. 4. A gas-filled discharge device for transitent protection comprising, at least two symmetrical electrodes having face surfaces, an insulation housing mechanically connected to said electrodes for supporting said electrodes in a vacuum-tight housing such that the face surfaces of said electrodes are opposite each other across a discharge gap in plane perpendicular to the symmetry axis of the electrodes, said housing and said electrodes being so dimensioned that an annular gap exists between each said electrode and said housing in the region of their mechanical connection, said annular 6. The discharge device of claim 4 wherein said cavgap having a length of at least 1 mm and a thickness of ity is partially spherical in shape.
less than 0.15 mm, the face surface of at least one of 7. The discharge device of claim 4 wherein said cavsaid electrodes being provided with a cavity, and an ity is generally conical in shape.
ionizable gas within said housing. 5 8. The discharge device of claim 4 wherein said cav- 5. The discharge device of claim 4 wherein said cavity is stepped conical in shape.
ity is cylindrical in shape.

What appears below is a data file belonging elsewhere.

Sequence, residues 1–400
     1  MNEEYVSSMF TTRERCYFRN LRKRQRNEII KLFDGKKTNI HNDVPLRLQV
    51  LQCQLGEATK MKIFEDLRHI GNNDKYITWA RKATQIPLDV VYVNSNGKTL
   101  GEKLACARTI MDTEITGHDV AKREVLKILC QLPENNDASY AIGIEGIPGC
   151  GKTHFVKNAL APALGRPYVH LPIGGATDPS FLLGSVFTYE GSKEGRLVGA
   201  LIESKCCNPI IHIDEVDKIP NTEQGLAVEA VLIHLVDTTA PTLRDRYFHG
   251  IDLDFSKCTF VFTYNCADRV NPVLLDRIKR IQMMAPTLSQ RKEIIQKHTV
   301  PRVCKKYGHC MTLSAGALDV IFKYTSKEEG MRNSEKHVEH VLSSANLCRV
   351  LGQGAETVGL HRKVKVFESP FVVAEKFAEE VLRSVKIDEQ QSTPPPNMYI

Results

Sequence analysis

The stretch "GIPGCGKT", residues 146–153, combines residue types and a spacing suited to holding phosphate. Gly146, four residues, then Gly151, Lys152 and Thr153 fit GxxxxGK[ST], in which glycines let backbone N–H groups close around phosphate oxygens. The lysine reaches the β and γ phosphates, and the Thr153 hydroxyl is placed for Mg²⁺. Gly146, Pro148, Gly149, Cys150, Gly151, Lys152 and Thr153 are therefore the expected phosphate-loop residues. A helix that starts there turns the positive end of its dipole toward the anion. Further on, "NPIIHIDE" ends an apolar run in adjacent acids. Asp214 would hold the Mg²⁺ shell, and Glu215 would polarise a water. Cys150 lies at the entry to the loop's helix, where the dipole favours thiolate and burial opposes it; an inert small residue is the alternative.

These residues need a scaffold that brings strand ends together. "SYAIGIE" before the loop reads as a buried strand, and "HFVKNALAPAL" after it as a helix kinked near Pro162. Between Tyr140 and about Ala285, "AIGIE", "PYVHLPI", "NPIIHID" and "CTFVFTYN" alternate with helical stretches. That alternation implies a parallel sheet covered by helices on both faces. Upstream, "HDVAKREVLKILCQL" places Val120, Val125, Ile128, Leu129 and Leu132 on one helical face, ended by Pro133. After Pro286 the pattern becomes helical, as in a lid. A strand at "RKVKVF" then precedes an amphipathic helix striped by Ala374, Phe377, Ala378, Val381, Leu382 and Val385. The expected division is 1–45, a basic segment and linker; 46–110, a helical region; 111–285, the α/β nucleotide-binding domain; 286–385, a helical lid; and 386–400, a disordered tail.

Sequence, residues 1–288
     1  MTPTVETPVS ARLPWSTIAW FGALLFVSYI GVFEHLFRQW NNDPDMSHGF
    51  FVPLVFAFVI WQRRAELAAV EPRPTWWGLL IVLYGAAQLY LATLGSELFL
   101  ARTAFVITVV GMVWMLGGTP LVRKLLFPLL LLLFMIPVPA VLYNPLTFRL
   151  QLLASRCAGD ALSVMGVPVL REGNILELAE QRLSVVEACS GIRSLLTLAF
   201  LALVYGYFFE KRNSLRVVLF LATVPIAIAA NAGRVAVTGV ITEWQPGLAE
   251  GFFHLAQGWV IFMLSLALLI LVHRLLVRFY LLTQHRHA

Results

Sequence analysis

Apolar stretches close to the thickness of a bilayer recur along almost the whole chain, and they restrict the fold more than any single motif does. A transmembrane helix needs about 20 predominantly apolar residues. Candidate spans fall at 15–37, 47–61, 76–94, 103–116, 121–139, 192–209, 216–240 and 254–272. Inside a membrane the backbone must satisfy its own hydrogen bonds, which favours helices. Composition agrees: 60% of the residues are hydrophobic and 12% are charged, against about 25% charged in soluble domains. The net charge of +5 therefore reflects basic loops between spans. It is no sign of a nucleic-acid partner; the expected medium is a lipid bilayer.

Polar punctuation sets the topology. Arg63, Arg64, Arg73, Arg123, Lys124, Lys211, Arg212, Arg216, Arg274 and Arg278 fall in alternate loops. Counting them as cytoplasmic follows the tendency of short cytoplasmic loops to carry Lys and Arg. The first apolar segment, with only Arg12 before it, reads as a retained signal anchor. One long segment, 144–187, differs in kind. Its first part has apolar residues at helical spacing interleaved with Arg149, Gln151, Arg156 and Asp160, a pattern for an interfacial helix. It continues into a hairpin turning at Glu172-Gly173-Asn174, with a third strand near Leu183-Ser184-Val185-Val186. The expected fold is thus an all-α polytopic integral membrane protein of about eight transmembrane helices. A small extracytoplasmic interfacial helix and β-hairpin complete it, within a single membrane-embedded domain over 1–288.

|Cited Patent||Filing date||Publication date||Applicant||Title|
|US3454811 *||Apr 18, 1967||Jul 8, 1969||Bell Telephone Labor Inc||Gas tube surge (overload) protection device|
|US3702952 *||Oct 12, 1971||Nov 14, 1972||Western Electric Co||Gas tube surge protective device and method for making the device|
|Citing Patent||Filing date||Publication date||Applicant||Title|
|US3989985 *||Jul 31, 1974||Nov 2, 1976||Siemens Aktiengesellschaft||Surge voltage arrester|
|US4015172 *||Mar 17, 1975||Mar 29, 1977||Siemens Aktiengesellschaft||Two path voltage arrester|
|US4128855 *||Apr 18, 1977||Dec 5, 1978||Reliable Electric Company||Surge arrester|
|US4493004 *||Feb 28, 1983||Jan 8, 1985||Siemens Aktiengesellschaft||Surge arrester with a gas-filled housing|
|US6708638||Jun 18, 2002||Mar 23, 2004||University Of Florida Research Foundation, Inc.||Method and apparatus for lightning protection|
|CN103311073B *||May 17, 2013||Sep 2, 2015||东莞市华炜雷电防护设备有限公司||一种多间隙放电管模块及其封装结构|
|U.S. Classification||313/623, 361/120|
|International Classification||H01T4/12, H01T4/00|